From midnight Sunday, Melbourne residents will no longer face limits on the time they can spend away from their homes for education or recreation. Previous restrictions allowing Melburnians to travel only 5 kilometers (3 miles) from home will increase at midnight to 25 kilometers (15 miles).

Outdoor gatherings of up to 10 people from two households will be allowed and golf and tennis can resume.

Victoria state reported only two new cases of COVID-19 on Sunday and no deaths. The rolling 14-day average of cases dropped to eight, the lowest in four months.

There were only 137 active cases across Victoria state on Sunday with 12 people receiving hospital treatment, none in intensive care.

Regulations will be further loosened on Nov. 2 with the partial reopening

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The Latest: India Continues Downward Trend With 62K Cases | World News

NEW DELHI — India reported 62,212 new cases in the past 24 hours, raising its total to more than 7.4 million and continuing a downward trend.

The Health Ministry on Saturday also registered 837 additional fatalities, taking the death toll to 112,998.

The worst-hit western Maharashtra state accounted for nearly 36% of total fatalities.

According to the Health Ministry, India’s average number of daily cases dropped to 72,576 last week from 92,830 during the week of Sept. 9-15, when the virus peaked. It is recording an average of around 70,000 cases daily so far this month.

But some experts say India’s figures may not be reliable because of poor reporting and inadequate health infrastructure. India is also relying heavily on antigen tests, which are faster but less accurate than traditional RT-PCR tests.

Health officials have warned about the potential for the virus to spread during the religious festival season beginning later this month. Health Minister Harsh Vardhan told reporters on Friday that the next two months were particularly crucial because of the winter season and festivals.

New Delhi is also bracing for high air pollution levels, making the coronavirus fight more complicated in upcoming months.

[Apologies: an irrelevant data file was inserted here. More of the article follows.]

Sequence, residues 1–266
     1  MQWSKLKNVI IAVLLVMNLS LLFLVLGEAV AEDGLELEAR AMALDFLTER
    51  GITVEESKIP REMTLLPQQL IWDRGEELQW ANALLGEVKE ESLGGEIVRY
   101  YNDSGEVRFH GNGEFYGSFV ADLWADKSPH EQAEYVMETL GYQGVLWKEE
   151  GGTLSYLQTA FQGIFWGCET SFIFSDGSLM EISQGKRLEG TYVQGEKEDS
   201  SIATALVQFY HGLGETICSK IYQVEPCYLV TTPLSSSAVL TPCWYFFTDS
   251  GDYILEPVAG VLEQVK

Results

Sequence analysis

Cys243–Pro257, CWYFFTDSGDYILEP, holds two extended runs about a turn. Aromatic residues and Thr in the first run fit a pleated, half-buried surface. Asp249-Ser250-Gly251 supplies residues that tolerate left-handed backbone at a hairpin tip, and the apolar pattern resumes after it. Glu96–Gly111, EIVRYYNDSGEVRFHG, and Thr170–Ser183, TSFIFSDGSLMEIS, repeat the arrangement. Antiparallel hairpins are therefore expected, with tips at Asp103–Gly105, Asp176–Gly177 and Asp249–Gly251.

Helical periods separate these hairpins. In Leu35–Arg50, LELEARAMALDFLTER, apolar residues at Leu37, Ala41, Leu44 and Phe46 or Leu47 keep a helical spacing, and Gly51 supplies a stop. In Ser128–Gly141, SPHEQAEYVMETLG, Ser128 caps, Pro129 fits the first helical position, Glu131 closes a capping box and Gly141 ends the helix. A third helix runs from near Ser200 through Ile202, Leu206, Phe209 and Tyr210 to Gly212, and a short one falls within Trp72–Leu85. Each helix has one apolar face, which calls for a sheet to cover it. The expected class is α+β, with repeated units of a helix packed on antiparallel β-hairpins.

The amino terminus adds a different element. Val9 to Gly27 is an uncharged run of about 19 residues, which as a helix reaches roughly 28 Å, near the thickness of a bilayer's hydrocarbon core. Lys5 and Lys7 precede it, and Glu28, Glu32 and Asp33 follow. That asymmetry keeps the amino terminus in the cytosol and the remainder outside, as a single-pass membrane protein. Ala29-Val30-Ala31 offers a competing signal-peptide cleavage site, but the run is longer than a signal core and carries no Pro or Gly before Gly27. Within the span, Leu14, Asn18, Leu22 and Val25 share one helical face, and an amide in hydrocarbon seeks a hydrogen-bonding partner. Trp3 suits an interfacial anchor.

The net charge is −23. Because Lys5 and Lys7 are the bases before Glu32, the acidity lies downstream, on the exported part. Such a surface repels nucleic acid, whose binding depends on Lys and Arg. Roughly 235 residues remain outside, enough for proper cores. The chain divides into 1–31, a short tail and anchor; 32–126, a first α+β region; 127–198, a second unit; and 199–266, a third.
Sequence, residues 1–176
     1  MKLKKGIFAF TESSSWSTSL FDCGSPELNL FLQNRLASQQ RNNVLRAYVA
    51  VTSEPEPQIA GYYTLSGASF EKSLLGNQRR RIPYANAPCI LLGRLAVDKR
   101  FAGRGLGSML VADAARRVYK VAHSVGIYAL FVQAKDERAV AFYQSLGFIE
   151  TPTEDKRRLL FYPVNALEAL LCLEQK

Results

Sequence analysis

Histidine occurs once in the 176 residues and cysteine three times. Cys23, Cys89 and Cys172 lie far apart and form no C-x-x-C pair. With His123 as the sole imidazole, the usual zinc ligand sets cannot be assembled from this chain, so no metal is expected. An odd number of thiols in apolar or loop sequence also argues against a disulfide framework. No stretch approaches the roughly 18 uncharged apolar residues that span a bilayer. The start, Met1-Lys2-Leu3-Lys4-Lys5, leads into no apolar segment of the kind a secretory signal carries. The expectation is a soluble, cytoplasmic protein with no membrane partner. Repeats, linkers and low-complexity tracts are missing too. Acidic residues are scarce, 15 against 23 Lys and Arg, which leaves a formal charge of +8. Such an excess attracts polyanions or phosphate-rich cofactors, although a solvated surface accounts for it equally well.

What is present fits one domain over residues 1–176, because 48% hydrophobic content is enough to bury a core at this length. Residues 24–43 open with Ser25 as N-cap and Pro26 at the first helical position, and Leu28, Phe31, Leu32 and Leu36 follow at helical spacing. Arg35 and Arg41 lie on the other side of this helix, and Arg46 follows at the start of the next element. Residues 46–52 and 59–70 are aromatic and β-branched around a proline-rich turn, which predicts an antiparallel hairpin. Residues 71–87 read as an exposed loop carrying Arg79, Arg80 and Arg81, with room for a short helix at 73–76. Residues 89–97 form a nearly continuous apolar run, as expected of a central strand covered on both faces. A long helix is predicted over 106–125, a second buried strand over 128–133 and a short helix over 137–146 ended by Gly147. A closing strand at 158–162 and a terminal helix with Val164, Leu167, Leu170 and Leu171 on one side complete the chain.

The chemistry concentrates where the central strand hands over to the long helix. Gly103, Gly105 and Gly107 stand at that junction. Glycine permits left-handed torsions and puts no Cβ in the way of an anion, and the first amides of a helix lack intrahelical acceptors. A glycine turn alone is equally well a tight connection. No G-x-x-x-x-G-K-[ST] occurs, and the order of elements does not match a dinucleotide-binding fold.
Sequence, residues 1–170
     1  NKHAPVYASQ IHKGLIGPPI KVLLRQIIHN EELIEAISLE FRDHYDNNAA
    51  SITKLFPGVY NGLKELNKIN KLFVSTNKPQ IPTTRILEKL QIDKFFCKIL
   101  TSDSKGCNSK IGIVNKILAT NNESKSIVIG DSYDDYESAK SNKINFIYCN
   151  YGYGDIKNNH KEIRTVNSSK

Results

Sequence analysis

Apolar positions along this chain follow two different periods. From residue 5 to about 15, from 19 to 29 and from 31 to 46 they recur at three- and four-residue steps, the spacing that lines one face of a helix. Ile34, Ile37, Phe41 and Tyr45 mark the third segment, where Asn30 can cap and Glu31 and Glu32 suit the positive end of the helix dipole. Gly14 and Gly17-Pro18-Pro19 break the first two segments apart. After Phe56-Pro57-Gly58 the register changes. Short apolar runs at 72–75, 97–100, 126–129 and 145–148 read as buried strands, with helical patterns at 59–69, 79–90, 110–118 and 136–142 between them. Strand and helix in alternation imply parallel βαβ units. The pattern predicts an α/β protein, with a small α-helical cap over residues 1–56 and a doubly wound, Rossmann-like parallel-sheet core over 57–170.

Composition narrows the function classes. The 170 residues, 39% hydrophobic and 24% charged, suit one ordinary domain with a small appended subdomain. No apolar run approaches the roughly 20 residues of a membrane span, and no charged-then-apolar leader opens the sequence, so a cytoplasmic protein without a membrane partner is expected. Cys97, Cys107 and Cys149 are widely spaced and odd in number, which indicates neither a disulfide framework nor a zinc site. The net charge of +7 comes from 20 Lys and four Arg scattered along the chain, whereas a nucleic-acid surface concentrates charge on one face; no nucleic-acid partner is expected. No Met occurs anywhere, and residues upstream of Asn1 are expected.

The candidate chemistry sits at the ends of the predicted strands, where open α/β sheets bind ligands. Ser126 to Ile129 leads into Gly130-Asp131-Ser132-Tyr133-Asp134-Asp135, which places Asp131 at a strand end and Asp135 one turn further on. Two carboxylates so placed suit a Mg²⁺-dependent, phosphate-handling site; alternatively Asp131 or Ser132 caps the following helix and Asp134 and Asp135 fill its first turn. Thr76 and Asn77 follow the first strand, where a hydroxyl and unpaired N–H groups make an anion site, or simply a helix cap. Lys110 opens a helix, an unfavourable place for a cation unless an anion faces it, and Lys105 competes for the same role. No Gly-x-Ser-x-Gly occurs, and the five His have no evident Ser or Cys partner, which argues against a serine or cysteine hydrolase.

HERE’S WHAT YOU NEED TO KNOW ABOUT THE VIRUS OUTBREAK:

— Virus surges in key battleground states as election nears

— White House puts ‘politicals’ at CDC to try to control info

— UK’s Johnson threatens to impose restrictions on Manchester

— Belgium will tighten coronavirus restrictions from Monday in an effort to hold the disease in check. The new measures include a night-time curfew and the closure of cafes, bars and restaurants for a month.

— Doctors are warning that Europe is at a turning point as the coronavirus surges back across the continent, including among vulnerable people, and governments try to impose restrictions without locking whole economies down.

— Hundreds of Argentine flags dotted the sand of a beach at the Mar del Plata resort, a poignant memorial to the victims of the novel coronavirus in one of this South American country’s virus hot spots.

— Follow AP’s pandemic coverage at http://apnews.com/VirusOutbreak and https://apnews.com/UnderstandingtheOutbreak

HERE’S WHAT ELSE IS HAPPENING:

MELBOURNE, Australia — Australia’s Victoria state has reported just one new case of COVID-19 and no deaths as the city of Melbourne moves closer towards the easing of some lifestyle restrictions.

The state’s coronavirus death toll remains at 816 and the Australian total is 904.

Melbourne residents are expecting COVID-19 restrictions to be eased on Sunday but it is unclear how much freedom will be regained.

Victoria Premier Daniel Andrews has indicated the changes would be more “in the social space,” prompting pleas from business operators for relief from restrictions that once included an overnight curfew.

Current restrictions include a two-hour exercise limit within 5 kilometers (3 miles) of work or home and mandatory face masks covering the mouth and nose when a person leaves their home.

SALEM, Ore. — The Oregon Health Authority reported 418 new confirmed and presumptive COVID-19 cases and six